How to Work STEM/STEAM Lessons in at Home Using Household Items

For many families, this school year looks different because of COVID-19. Some students are in school wearing face masks, while others are doing their studies remotely or juggling a hybrid schedule. A lot of parents may feel like they are filling in the educational gaps more than ever this year.  

Doing STEM or STEAM lessons is a great way to get kids engaged in projects that are educational as well as fun. There are lots of ways to do these at home, using items you probably already have in your kitchen drawers, pantry or bathroom cupboards.  

What is STEM/STEAM? STEM stands for Science, Technology, Engineering and Math, while STEAM is short for Science, Technology, Engineering, Arts and Math. Instead of teaching all these important topics separately, STEAM and STEAM projects find ways to incorporate some or all these subjects into one lesson. By doing this, children learn how science, math, art and other skills all can combine to create something.  

Why it’s important? The STEM/STEAM approach to education has been adopted by many schools because its supporters say it more closely mirrors real life. By showing students how subjects can work together, it teaches them how to problem-solve. This kind of approach can better prepare them for life after school and fuel their creativity. 

It’s easy to get started on STEM/STEAM projects in your home, using just what you have on hand. There are hundreds of online resources and even DIY lesson plans if you want to regularly incorporate these projects into at-home learning. We’re sharing a few here, sorted by age groups. 

Preschool

Toddlers and early learners love hands-on activities that appeal to their senses. An easy way to incorporate art with a mini science lesson is baking soda painting. Here’s how:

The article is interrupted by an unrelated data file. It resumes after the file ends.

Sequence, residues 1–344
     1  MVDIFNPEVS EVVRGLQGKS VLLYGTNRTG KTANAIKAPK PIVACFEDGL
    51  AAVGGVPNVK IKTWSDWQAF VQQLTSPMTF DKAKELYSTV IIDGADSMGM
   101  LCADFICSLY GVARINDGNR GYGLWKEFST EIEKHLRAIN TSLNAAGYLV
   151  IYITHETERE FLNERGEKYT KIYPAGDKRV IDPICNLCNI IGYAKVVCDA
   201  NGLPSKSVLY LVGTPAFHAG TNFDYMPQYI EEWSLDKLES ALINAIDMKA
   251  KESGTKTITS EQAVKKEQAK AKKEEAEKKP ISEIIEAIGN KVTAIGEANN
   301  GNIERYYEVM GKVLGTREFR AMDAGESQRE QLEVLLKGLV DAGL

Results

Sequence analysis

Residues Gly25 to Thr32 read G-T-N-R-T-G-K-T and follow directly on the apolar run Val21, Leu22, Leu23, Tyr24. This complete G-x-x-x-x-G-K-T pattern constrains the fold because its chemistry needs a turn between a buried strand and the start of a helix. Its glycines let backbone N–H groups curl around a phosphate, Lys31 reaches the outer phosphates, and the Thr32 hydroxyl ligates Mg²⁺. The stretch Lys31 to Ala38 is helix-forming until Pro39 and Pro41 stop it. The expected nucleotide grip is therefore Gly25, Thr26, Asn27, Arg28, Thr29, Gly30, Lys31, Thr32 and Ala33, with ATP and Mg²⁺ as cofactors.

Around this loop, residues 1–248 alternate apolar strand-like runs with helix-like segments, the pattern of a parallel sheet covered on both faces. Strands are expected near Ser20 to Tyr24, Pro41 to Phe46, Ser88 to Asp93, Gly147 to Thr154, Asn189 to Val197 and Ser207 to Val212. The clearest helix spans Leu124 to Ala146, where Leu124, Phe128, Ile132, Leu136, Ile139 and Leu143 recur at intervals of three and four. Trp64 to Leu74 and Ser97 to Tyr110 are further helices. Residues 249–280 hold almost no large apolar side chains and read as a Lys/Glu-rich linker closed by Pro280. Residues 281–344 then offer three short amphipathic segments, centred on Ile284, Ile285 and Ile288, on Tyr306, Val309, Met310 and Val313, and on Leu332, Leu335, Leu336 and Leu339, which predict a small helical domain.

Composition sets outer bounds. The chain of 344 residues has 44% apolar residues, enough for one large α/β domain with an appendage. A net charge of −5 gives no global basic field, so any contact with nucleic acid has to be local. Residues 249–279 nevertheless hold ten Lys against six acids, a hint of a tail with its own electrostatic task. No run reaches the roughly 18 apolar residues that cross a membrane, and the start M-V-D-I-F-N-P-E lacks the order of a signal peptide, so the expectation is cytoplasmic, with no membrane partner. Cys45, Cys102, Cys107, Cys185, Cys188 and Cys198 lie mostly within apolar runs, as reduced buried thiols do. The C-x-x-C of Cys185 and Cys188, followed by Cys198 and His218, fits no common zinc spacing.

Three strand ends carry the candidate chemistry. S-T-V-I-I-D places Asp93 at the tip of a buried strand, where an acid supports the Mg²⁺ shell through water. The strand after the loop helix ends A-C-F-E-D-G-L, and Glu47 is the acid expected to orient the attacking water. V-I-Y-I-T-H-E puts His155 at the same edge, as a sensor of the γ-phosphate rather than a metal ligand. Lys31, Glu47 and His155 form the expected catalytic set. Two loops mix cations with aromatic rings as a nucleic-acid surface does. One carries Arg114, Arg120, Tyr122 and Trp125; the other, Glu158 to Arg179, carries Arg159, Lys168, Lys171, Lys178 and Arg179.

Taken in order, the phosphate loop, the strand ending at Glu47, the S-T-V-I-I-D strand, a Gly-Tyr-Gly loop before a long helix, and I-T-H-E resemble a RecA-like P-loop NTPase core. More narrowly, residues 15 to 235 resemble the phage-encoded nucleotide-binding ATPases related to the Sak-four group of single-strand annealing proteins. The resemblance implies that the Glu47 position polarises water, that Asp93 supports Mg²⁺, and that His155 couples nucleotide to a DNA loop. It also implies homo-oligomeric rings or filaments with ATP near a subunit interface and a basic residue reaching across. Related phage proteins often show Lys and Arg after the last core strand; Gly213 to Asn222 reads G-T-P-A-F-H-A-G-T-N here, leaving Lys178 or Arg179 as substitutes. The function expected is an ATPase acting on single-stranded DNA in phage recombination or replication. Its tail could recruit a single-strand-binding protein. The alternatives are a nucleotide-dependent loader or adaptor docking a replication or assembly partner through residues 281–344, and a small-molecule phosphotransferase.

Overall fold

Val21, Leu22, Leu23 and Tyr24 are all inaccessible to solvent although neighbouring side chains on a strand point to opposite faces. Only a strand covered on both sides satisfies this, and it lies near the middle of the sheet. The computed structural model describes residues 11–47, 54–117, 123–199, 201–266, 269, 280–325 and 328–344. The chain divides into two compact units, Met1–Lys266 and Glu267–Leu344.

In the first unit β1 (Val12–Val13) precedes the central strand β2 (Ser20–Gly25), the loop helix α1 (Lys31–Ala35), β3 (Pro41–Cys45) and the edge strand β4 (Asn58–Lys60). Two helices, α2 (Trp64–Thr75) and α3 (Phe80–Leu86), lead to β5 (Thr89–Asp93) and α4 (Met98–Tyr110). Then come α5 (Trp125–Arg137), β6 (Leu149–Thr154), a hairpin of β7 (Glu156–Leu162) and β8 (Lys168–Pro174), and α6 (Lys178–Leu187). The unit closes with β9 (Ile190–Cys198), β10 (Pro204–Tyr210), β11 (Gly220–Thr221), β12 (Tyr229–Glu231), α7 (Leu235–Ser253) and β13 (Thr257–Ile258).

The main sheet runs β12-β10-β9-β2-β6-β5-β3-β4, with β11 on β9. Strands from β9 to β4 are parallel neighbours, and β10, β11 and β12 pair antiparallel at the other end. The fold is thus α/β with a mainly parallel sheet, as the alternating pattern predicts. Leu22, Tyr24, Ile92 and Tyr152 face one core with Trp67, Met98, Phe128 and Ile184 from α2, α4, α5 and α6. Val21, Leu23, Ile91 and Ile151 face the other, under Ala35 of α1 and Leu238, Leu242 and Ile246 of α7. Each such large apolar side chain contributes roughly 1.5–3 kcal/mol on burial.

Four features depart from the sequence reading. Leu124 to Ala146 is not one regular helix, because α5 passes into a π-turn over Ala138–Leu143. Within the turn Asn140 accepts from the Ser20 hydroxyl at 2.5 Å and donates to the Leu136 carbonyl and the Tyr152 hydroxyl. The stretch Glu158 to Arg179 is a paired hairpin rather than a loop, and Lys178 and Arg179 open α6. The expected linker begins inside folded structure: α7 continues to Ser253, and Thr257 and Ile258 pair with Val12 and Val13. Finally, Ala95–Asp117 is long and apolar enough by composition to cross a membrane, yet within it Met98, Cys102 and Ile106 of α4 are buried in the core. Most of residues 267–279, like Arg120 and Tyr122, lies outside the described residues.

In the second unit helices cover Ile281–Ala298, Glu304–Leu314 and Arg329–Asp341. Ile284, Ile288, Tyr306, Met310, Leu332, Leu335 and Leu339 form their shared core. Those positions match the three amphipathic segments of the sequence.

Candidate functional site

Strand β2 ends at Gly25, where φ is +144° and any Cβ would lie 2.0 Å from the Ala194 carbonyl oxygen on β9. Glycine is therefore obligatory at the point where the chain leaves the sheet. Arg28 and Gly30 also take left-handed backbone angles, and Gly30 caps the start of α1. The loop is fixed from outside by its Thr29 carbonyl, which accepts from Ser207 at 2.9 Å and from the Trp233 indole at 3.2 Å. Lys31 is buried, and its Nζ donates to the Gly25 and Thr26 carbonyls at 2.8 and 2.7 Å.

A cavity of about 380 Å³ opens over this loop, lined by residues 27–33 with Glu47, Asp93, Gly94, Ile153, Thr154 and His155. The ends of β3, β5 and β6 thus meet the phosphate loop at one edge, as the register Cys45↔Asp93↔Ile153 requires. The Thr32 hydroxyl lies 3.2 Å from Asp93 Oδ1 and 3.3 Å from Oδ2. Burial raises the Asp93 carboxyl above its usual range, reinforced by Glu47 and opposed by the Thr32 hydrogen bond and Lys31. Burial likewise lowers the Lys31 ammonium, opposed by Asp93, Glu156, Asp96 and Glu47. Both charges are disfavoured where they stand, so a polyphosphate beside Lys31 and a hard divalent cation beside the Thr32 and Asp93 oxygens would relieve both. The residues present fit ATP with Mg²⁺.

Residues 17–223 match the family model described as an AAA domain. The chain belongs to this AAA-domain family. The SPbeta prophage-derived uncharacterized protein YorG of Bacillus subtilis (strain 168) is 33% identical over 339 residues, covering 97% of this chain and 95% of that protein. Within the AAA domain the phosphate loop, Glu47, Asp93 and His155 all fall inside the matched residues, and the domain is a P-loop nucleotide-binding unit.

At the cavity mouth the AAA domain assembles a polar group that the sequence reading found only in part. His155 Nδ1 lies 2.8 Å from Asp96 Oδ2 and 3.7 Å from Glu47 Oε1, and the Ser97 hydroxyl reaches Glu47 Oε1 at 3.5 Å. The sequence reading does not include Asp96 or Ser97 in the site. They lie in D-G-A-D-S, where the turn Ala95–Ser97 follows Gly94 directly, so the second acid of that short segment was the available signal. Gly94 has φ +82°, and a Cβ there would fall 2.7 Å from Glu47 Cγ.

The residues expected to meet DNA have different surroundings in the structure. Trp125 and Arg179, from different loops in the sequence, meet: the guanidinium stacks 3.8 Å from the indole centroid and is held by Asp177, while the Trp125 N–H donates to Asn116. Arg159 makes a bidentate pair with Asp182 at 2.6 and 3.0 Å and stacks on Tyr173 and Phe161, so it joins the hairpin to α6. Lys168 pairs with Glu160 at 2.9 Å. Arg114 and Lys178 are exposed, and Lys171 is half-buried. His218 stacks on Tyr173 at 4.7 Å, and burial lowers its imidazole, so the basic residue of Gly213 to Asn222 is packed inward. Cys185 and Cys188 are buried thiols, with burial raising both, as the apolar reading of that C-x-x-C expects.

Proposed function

• Place 1 Tablespoon of baking soda each in three small dishes. 
  • Pour 1 Tablespoon of water into three small cups. Color each with a different shade of food coloring. 
  • Mix one shade of colored water into each dish of baking soda.  
  • Have children use a brush to paint a picture with the mixtures. 
  • Set out a bowl of vinegar and give children a small eyedropper. 
  • When the vinegar comes into contact with the baking soda, it will fizz.  
  • Talk to kids about the chemical reaction they are seeing.  

Elementary

The kitchen is a great place for STEM/STEAM discoveries. Asking kids to help with baking and cooking can be a delicious way for them to incorporate their math and science skills with a big dose of artistic creativity. For example, when they make homemade bread, measuring out the ingredients is a math lesson. When they watch how the yeast and warm water interact with the sugar – foaming up and releasing carbon dioxide – it’s a scientific reaction they can see rising in front of them. And when they shape the dough and bake the loaves, they can let their artistic side shine through. 

Tweens and Teens

Technology and engineering start to play a bigger role in STEM/STEAM projects as kids get older. Whether it’s building their own hovercraft, creating a homemade lava light or working with magnets, students in this age group are able to do the bulk of the work themselves. Projects might take a little longer to complete, but their problem-solving skills are taken up a notch.   

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Photo credit: Getty 

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